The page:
Monday, 11 January 2010
Dorriting around the Marshalsea
Infatuated with Dickens's Little Dorrit again after watching the dazzling ensemble work of the BBC serialisation over the New Year, we took advantage of a pre-snow, ice-cold Monday to explore her Southwark haunts. Via the George Inn of Pickwick Papers fame, with its galleries still intact,
we carried on down the Borough High Street and turned left down an alley alongside the John Harvard Library, and there was the last remaining wall of the Marshalsea Prison. Dickens, whose father was briefly imprisoned there for debt in 1824, never forgot that terrible time when he lodged nearby and went off to work at the blacking factory by the river. The Marshalsea had already been demolished by the time he described it in David Copperfield and, here, in Little Dorrit:
It was an oblong pile of barrack building, partitioned into squalid houses standing back to back, so that there were no back rooms; environed by a narrow paved yard, hemmed in by high walls duly spiked at top. Itself a close and confined prison for debtors, it contained within it a much closer and more confined jail for smugglers. Offenders against the revenue laws, and defaulters to excise or customs, who had incurred fines which they were unable to pay, were supposed to be incarcerated behind an iron-plated door, closing up a second prison, consisting of a strong cell or two, and a blind alley some yard and a half wide, which formed the mysterious termination of the very limited skittle-ground in which the Marshalsea debtors bowled down their troubles.
The prison is down that parted Dickens briefly from the rest of the family - he went in daily for breakfast, just as Amy Dorrit goes out to work - but the wall is duly kept in good nick.
It forms a barrier between the former Marshalsea and the churchyard, now a park with a few forlorn tombstones stacked up against the wall, of St George's Church, where Little Dorrit was christened and where at the end of the novel she is married to Arthur Clennam.
Though it's hardly among the most popular of the Dickens oeuvre, the book has given its characters' names to many of the nearby streets: Little Dorrit Court, Doyce Street - after the cheery inventor whose honest enterprise is set against the easy money of speculator Merdle - and Clennam Street, running alongside a splendid pub which has been in the hands of the same landlady since the 1950s:
Little Dorrit would not have recognised the network of viaducts which gives the area its compelling character, though her creator would, of course.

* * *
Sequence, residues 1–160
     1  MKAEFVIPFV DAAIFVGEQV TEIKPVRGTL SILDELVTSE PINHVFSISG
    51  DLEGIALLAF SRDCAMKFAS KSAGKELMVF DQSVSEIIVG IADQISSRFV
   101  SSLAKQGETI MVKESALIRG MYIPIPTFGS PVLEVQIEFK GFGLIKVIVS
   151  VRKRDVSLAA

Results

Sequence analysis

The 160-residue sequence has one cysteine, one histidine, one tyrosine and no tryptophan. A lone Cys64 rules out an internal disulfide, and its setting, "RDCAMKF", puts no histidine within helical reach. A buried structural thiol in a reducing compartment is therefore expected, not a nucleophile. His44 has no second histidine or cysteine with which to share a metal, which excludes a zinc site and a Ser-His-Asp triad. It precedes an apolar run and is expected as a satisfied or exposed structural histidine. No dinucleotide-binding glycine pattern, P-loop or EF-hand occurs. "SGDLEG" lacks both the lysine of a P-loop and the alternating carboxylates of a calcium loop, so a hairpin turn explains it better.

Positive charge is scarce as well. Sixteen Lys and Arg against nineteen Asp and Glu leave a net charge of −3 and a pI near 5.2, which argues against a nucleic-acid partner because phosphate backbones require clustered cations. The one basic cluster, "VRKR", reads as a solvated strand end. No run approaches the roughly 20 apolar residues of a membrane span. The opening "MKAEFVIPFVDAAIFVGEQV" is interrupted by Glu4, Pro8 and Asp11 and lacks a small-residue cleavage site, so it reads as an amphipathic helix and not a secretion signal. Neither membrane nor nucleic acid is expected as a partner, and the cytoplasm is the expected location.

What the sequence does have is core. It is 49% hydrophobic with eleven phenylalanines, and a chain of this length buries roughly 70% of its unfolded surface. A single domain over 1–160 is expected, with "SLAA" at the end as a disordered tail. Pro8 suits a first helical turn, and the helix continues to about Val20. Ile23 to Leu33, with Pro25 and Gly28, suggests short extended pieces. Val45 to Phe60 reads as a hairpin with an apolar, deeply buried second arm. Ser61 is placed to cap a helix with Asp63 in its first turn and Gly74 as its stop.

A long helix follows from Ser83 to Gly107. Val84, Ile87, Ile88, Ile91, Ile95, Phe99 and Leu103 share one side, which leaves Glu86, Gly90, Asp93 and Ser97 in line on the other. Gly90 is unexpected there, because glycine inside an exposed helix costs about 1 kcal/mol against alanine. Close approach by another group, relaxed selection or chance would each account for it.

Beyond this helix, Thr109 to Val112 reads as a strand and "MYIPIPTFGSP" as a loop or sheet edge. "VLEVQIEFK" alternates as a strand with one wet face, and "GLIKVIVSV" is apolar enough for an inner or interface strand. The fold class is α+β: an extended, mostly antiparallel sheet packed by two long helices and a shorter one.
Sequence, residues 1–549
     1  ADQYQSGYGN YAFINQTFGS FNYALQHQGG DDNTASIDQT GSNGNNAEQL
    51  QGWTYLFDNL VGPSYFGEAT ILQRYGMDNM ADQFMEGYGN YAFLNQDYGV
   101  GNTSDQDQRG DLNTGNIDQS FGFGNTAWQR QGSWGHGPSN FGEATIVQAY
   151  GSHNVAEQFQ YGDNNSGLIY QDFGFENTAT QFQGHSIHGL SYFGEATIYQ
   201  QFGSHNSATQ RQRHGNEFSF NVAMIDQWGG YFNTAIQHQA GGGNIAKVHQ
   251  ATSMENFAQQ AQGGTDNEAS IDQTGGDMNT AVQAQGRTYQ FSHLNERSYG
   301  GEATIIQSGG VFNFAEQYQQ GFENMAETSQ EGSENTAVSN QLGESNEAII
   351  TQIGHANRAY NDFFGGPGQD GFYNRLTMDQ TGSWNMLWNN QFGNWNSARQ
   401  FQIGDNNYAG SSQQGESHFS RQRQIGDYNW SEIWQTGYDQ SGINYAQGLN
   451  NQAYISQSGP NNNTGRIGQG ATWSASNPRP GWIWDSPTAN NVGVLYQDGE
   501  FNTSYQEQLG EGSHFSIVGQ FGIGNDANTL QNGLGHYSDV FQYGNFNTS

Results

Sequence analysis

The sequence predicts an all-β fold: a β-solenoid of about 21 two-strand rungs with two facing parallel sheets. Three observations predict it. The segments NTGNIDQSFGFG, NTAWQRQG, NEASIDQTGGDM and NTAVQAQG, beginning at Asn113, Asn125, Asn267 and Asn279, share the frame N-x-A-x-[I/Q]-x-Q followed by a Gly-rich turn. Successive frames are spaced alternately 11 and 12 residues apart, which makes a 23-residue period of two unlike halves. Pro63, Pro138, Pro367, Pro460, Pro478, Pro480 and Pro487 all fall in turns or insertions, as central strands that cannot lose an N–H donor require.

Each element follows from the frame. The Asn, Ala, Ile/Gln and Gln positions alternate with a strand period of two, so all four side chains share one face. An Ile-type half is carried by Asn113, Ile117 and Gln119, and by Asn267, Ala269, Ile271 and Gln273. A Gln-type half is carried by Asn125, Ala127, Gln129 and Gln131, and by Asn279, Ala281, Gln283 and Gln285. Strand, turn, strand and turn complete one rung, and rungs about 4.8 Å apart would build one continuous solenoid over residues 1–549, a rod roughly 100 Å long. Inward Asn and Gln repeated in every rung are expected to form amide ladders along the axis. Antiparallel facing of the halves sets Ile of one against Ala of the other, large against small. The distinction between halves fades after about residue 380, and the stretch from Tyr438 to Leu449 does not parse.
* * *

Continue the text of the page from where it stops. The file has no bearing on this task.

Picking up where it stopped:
On the other side of this arch is a Catholic church with a virgin in a grotto outside flanked by the bridge and barbed wire.
There's also a fascinating social housing project, constructed in 1864 by Sir Sydney Waterlow of the Improved Industrial Dwellings Company from a design by Prince Albert in the 1851 Great Exhibition.
I guess Dickens would have approved of this. But by now we were in the zone reclaimed by the bourgeoisie, with care to keep some of the old identity as in the Menier Chocolate Factory where we saw Sweet Charity the following evening, and of course Borough Market. We toyed with having a Salt Beef sandwich in the Little Dorrit Cafe
But I was in the mood for fish, so we ended up in the excellent, if slightly extravagant, surroundings of the Wright Brothers Oyster and Port House alongside the market, in a row of seventh heaven (next door to Konditorei and Cook and the Monmouth Coffee Company, which served up the best espresso I think I've ever had in London). And having left our shabby Dickensian mood behind, we who like to think of ourselves as bobos (= Bohemian Bourgeois, as indeed the great man himself, I guess, became) joined the frozen tourists, including the Italians who walk in packs and knock you off the pavement, on the now familiar Thameside route
to the Tate Modern and were duly spooked by walking into the total darkness of Miroslaw Balka's How It Is in the Turbine Hall (these two photos were kindly sent to me by Tate Modern's press department).
I dreamed about it last night - this weird sensation of seeing only the illusion of your eyes flashing in front of you. And yet when you turn round you can of course see the daylight of the power station windows; walking out is a liberation. Balka wants to suggest all sorts of unholy associations; the other exhibition of his currently running at Modern Art Oxford features shots of natural life going on in the now-touristified Auschwitz.
As for man's heart of darkness, a lot of it is disturbingly etched in Little Dorrit. I can't decide whether to re-read that novel or David Copperfield, which I probably first encountered much earlier. But I reckon the BBC series got it pretty much right, without discarding any of the characters. And the superlative line-up surprises not so much in the known quantity of the stars - though how well Andy Serkis, currently wowing cinema audiences as Ian Dury, makes you believe in the villainous Balzacian Rigaud, and how transformed is Maxine Peake, the consummately brazen Veronica of Shameless, as a Satanic Miss Wade with lesbian overtones - as in the performances turned in by the young actors. As with the singers/dancers in Sweet Charity, it made me feel that our drama schools are doing a superb job at the moment. It was actually Russell Tovey as John Chivery, Dorrit's rejected suitor tearfully resolved to help out the man she prefers, who made me cry. Tom Courtenay's hapless Dorrit had me on the brink at times, but I can't forget how Alec Guinness redeemed the very flawed, bizarrely structured Edzard film, above all in the scene where the newly-enriched former debtor can't shuck off his shame and loses the plot at a society banquet. It's here on YouTube: